Rehashing Bush-administration divides, the former secretary of state took the controversial VP to task over accusations in his new memoir
A visibly angry Colin Powell used an appearance on CBS's "Face the Nation" on Sunday to blast former Vice President Dick Cheney for using "cheap shots" and "barbs" to drive up sales of his new memoir, which accuses Powell of trying to undermine President Bush during the run-up to the Iraq War and tacitly allowing his deputy to leak the name of a covert CIA agent.
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Powell, who had a rocky tenure as Bush's first secretary of State, said that the allegations in Cheney's book were better suited to "supermarket tabloids" than the memoir of a former vice president of the United States. He said Cheney was using misleading anecdotes and unfounded personal attacks to "pump up" sales of the memoir, In My Time, which will be officially released on Tuesday. Multiple media outlets have published excerpts from the book in recent days.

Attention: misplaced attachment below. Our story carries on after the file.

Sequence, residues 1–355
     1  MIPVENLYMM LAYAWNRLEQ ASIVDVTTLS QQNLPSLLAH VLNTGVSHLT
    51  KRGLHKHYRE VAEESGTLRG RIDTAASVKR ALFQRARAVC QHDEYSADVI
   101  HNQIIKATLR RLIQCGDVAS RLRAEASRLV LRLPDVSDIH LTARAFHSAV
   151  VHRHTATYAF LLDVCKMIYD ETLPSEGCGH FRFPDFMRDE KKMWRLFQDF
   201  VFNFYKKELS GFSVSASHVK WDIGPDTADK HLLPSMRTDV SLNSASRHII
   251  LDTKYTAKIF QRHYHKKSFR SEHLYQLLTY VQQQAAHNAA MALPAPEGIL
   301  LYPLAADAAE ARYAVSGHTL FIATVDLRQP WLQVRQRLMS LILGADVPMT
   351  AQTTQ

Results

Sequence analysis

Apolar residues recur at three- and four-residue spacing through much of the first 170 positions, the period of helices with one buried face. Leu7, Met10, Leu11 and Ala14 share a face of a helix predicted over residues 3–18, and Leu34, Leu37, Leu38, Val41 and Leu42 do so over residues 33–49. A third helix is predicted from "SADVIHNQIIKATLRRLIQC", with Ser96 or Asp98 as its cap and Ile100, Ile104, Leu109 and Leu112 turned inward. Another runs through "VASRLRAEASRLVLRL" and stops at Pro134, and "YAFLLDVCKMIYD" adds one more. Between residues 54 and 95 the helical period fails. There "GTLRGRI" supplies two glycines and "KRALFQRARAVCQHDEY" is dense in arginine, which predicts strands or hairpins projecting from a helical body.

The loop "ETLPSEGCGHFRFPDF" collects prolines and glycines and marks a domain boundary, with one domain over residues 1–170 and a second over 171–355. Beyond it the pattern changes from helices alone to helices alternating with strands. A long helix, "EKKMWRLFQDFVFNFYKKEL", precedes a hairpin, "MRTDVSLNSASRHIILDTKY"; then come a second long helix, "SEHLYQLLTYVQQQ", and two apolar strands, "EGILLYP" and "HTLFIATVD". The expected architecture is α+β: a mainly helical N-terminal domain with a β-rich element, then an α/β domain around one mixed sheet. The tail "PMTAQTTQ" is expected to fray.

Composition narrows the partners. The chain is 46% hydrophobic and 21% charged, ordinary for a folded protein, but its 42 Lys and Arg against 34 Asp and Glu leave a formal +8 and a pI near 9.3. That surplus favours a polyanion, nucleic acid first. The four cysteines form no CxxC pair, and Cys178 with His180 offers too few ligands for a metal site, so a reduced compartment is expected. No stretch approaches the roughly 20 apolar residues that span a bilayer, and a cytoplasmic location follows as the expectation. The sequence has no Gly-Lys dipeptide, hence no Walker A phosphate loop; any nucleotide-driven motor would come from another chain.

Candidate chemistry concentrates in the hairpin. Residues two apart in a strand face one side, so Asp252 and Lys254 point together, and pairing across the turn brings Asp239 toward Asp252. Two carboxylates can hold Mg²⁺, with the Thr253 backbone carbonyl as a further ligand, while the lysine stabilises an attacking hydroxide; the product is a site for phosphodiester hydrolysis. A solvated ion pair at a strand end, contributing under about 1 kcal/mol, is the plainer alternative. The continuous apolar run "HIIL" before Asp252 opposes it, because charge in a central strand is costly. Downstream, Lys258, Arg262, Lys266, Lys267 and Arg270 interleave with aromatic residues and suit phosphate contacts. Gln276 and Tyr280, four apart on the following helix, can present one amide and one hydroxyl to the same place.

"They are cheap shots," Powell told CBS' Bob Schieffer. "It's not necessary to take these kinds of barbs."
The new war of words between Cheney and Powell underscores the degree to which members of the Bush administration continue to publicly relitigate decisions taken years earlier. The two men have had a rocky relationship for decades. During the first Gulf War, then-Defense Secretary Cheney told colleagues that he felt then-Chairman of the Joint Chiefs of Staff Powell was intentionally upstaging him at press conferences and other public events. Those tensions carried over into their shared time in the Bush administration, where Powell and Cheney were on opposite sides of multiple debates, most notably over the Iraq War.